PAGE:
Upon enrollment in and commitment to the IMAGE Best Employment Practices, program participants are deemed “IMAGE certified,” a distinction DHS and ICE believe will become an industry standard. IMAGE also provides free training to all employers on the provisions surrounding the Form I-9, fraudulent document detection, and building a solid immigration compliance model.

Companies interested in more information on the IMAGE program can visit

Reprinted from U.S. Immigration and Customs Enforcement website

New York State Mandated Sexual Harassment Prevention Training

Mandatory Sexual Harassment TrainingEvery employer in New York State is required to provide employees with sexual harassment prevention training that meets or exceeds the following minimum standards.

The training must:

  • be interactive (e.g., require some form of employee participation and/or an opportunity for employees to ask questions)
  • include a definition and explanation of sexual harassment
  • include examples of conduct that constitutes unlawful sexual harassment
  • include information regarding the federal and state laws that address sexual harassment and the remedies available to victims of sexual harassment
  • include information regarding all available forums for adjudicating complaints
  • include information addressing conduct by supervisors, as well as the additional responsibilities of supervisors with regard to preventing sexual harassment and responding to harassment complaints

Every employee must receive training on an annual basis, starting October 9, 2018.  The first round of annual training for all current employees must be completed by January 1, 2019.  Employees hired on or after January 1, 2019 must receive this training within 30 days of hire.

Compass Workforce Solutions provides Sexual Harassment Training at their Hauppauge office, call 631-794-7401 for more information.

Women Leading the Way Event

Women Leading the WayLeveraging diversity and gender for business organizational success

Presented by the Accounting Resource Group

November 7 – 2:00 – 6:00PM
at the Four Points Sheraton in Plainview


About the Accountants Resource Group (ARG):
The ARG is an exclusive community of professionals who support CPA’s and Accountants. They focus on providing their members the tools, resources and best practices needed to create lifelong strategic partnerships while fostering relationships for business development and relationship marketing strategies in the accounting arena.


Women Presidents' Organization

Compass’ Principal Christine Ippolito Interviewed by Forbes Books Radio


The 21st Annual Conference of the Women’s Presidents Organization was in Los, Angeles, CA May 2 – 4 2018. This is a gathering of over 1,000 women presidents from women owned businesses in the US, Canada, UK, Peru, Mexico, Turkey, Australia, Malaysia, Sweden, South Africa and New Zealand. The theme of this year’s conference was “Disruption and the Future of Business”.

Forbes Books Radio interviewed Compass Workforce Solutions Founder Christine Ippolito to learn how Compass works with their clients and the business problems they solve.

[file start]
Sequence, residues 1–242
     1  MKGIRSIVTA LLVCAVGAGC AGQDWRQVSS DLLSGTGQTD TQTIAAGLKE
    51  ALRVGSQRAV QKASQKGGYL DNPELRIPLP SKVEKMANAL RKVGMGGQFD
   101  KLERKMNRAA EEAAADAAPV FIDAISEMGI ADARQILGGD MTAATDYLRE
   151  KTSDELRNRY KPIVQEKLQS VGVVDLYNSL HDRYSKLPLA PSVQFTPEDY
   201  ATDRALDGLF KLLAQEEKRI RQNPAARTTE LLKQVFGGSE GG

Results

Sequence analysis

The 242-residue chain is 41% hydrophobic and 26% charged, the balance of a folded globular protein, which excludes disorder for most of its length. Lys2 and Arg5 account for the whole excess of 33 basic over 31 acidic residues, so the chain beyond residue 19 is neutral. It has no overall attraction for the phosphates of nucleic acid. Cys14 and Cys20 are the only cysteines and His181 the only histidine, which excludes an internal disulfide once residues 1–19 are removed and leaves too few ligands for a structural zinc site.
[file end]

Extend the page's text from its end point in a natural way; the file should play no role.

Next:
The WPO is a non-profit membership organization for women presidents, CEOs, and managing directors of privately held, multimillion-dollar companies. VISIT WPO’s WEBSITE

Compass’ Principal Christine Ippolito Featured in Newsday

Proceed With Caution When Poaching Talent By: Jamie Herzlich

For certain specialized industries, finding qualified job candidates can be extremely difficult — and the best talent may be at a competing firm.

While poaching talent often comes with a negative connotation, there are ways employers can make the process a bit less uncomfortable for all parties involved.

Technology has played a big part in opening up the process, but employers must still tread carefully when trying to lure candidates away from their existing employers.

“You should be very judicious about when you absolutely need to do this,” says Christine Ippolito, SHRM-SCP, SPHR, Principal at Compass Workforce Solutions, a Deer Park-based HR consulting firm. “It should be an option when you’ve exhausted all other alternative ways of filling a position.”

You don’t want to unnecessarily burn bridges, she said. “With the rapid pace of change in business and technology, a current competitor could be a future business partner or client,” she says.

Other avenues to consider include offering referral bonuses to current employees who bring in talent, and posting jobs directly on professional websites where some of these specialized candidates may be, Ippolito says.

Poaching is a short-term solution, because in high-demand jobs, there may be only one person for two or three available positions, says Renée Nielsen, president of Islandia-based Nielsen Associates, a staffing and recruitment firm. Instead, many companies are looking to grow their own talent by creating internship programs for college students they hope to hire upon graduation, she says.

But if all else fails and poaching is unavoidable, then you should go about it stealthily.

Read the full Newsday Article here:


Compass and CPA Michael Kessler on the Radio!

 Founder Christine Ippolito, SHRM-SCP, SPHR and partnering CPA Michael Kessler came together to give a great radio show on Business Profits in the Real World. Listen here!

Compass in Newsday! We’re in the news again!

Tackling Trump Tensions: LI Firms Try to Keep the Workplace Peaceful

Newsday Special By Cara S. Trager

Long Island companies were far from immune to the political discourse that divided families and cooled friendships during the presidential campaign. But in the aftermath of the election, disagreements in the workplace over President Donald Trump’s statements and policies, most recently regarding immigration, have not only persisted but, in some cases, have intensified, with conference rooms, employee cafeterias and office cubicles sometimes turning into politically fraught battlegrounds.

Political discussions are deteriorating into heated exchanges, workers are leveling snide remarks at those with different opinions, and, on occasion, like-minded workers are reveling in their common political leanings and excluding those who don’t share them, according to experts specializing in workforce issues.

“People are acting out their feelings, and that could potentially lead to violence,” said Sima Ali, a Huntington attorney who specializes in workplace law.